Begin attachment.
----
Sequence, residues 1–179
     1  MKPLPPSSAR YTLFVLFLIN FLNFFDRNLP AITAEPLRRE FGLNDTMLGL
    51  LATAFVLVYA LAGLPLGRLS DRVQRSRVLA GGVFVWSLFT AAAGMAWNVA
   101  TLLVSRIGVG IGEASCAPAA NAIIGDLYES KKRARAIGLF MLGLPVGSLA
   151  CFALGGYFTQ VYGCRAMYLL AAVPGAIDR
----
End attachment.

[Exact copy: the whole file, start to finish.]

Sequence, residues 1–179
     1  MKPLPPSSAR YTLFVLFLIN FLNFFDRNLP AITAEPLRRE FGLNDTMLGL
    51  LATAFVLVYA LAGLPLGRLS DRVQRSRVLA GGVFVWSLFT AAAGMAWNVA
   101  TLLVSRIGVG IGEASCAPAA NAIIGDLYES KKRARAIGLF MLGLPVGSLA
   151  CFALGGYFTQ VYGCRAMYLL AAVPGAIDR